The French also claim they invented mutual insurance – another instantiation of co-creation – In the 1930s. The most legendary of the mutual insurance firms in France, MAIF (French people love acronyms that puzzle foreigners), was started by high school teachers. These guys drove slowly and washed their cars every Sunday. They’d also seen those farmers organize a bank, so they figured they might as well organize an insurance company since the bank idea was already taken. MAIF had fewer losses than the other segment of French population called the non-high school teachers, and it grew rapidly. At some point, MAIF figured it could invite descendants of high school teachers to join in, on the assumption that even though they had lapsed by not becoming teachers themselves, maybe enough good genes had remained. And so the French invented co-creation, first in banks, then in insurance.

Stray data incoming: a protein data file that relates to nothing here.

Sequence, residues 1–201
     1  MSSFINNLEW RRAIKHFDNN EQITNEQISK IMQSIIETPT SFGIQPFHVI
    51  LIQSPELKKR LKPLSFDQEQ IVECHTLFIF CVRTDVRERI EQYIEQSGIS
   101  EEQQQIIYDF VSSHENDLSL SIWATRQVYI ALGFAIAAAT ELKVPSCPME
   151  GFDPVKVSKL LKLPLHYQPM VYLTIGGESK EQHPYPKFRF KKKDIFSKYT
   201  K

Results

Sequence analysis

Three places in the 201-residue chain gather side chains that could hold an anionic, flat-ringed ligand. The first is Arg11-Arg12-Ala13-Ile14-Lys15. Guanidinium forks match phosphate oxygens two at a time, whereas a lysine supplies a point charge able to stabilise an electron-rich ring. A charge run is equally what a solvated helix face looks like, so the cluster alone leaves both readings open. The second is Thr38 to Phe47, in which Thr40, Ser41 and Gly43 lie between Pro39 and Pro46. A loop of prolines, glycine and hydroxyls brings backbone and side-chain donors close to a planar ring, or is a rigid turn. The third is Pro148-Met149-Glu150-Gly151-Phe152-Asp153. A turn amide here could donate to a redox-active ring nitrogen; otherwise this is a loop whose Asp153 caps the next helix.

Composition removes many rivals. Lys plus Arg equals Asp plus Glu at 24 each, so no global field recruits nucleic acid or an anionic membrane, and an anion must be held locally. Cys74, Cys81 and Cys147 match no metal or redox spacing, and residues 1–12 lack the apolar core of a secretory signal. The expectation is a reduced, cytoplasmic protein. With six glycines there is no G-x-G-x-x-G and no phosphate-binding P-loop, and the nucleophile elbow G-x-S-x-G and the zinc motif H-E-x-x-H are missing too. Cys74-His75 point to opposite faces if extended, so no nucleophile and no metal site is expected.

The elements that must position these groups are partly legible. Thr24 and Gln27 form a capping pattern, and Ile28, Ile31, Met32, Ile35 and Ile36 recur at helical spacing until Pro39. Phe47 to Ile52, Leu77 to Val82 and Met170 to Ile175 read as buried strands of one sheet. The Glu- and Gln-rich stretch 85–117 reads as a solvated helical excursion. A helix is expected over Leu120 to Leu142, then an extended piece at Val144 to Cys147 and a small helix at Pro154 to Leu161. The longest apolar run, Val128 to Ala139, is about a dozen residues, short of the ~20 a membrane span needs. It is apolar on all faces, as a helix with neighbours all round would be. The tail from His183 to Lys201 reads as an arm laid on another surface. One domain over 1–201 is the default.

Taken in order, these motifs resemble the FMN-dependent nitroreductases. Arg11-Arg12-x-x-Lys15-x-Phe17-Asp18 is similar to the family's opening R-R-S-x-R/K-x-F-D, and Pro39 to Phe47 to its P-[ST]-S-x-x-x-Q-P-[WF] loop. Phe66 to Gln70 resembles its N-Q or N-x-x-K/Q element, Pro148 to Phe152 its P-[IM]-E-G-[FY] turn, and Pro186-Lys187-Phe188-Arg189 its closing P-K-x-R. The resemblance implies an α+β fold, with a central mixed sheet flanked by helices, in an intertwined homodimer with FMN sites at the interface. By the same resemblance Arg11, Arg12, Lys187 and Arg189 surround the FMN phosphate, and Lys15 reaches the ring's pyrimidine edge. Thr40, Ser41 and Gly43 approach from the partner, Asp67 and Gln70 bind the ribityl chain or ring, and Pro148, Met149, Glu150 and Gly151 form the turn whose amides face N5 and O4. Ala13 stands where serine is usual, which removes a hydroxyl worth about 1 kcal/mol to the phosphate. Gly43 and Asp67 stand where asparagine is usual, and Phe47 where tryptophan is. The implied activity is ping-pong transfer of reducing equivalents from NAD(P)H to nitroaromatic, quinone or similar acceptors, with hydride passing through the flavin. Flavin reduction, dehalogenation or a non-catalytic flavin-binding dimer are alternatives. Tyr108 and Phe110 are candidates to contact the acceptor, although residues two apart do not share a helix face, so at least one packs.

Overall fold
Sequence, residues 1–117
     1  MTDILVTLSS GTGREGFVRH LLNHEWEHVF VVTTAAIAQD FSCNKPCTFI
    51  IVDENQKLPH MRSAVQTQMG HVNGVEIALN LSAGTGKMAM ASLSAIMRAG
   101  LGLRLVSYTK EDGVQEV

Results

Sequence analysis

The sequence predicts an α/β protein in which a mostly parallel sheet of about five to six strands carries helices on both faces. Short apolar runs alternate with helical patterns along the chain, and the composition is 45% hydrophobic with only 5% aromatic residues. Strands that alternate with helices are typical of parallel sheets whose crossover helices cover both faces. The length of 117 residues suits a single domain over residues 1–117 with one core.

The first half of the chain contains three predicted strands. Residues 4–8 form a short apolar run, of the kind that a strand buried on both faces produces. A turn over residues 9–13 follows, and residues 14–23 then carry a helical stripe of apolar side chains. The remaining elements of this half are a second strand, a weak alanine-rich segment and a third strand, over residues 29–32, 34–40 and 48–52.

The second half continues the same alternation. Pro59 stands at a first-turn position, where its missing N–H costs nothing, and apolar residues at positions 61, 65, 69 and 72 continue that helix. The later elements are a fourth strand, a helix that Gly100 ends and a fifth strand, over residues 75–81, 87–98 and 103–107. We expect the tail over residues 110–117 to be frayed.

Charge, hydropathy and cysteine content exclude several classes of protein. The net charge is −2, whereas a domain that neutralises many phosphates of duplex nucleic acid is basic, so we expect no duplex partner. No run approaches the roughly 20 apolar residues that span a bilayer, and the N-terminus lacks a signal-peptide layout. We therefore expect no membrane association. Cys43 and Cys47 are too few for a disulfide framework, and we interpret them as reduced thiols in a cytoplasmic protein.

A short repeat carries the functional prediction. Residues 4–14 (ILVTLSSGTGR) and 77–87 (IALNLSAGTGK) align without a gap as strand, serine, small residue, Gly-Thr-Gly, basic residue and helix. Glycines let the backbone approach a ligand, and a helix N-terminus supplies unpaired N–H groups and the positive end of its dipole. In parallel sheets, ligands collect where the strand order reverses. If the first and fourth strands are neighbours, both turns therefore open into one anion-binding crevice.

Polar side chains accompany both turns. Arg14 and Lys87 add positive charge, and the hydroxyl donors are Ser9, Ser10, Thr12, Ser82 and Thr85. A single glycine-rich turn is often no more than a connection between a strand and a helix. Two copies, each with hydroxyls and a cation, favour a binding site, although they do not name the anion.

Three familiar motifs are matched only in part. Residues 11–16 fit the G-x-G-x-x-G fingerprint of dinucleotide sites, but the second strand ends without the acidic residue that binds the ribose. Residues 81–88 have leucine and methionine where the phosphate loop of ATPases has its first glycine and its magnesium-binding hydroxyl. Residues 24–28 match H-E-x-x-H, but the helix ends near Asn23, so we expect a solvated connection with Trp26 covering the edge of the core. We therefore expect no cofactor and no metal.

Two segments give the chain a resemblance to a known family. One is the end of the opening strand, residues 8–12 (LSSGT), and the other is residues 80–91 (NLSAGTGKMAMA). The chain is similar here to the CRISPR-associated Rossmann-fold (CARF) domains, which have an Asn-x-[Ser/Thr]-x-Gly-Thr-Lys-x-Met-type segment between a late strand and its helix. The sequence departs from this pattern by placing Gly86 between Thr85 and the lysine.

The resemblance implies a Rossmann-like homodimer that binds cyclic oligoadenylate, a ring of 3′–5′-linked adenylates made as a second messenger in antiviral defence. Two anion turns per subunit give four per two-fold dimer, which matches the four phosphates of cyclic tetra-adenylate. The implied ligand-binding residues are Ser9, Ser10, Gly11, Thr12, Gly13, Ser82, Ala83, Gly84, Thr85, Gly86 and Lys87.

Some skeptics point out that wine growers on the banks of the Rhine in Germany were doing exactly the same thing at roughly the same time, creating a German version of Credit Agricole called Raiffeisenbank, also a very large bank today. I will refrain from mentioning more because there have been enough difficulties between those two countries already without igniting a war over co-creation (although the unabashed promoter of co-creation in me thinks it would have great marketing potential).

Since then, some of my Mexican and Brazilian friends have argued that Latin America invented co-creation long before anybody else, initiating the concept of community lending or tanda (related to the French word tontine, which the French use as etymological proof that they were there before the Latin Americans, since they gave them the word in the first place). And the popularity of micro-credit in Asia has prompted some Indian scholars to research the early appearance of group lending in rural villages in Asia, showing that it predates the appearance of co-creation on all other continents.

So maybe co-creation was not invented by the French after all. Perhaps the concept was, well, uh, “co-created.”

Wikipedia comes of age

August 26, 2009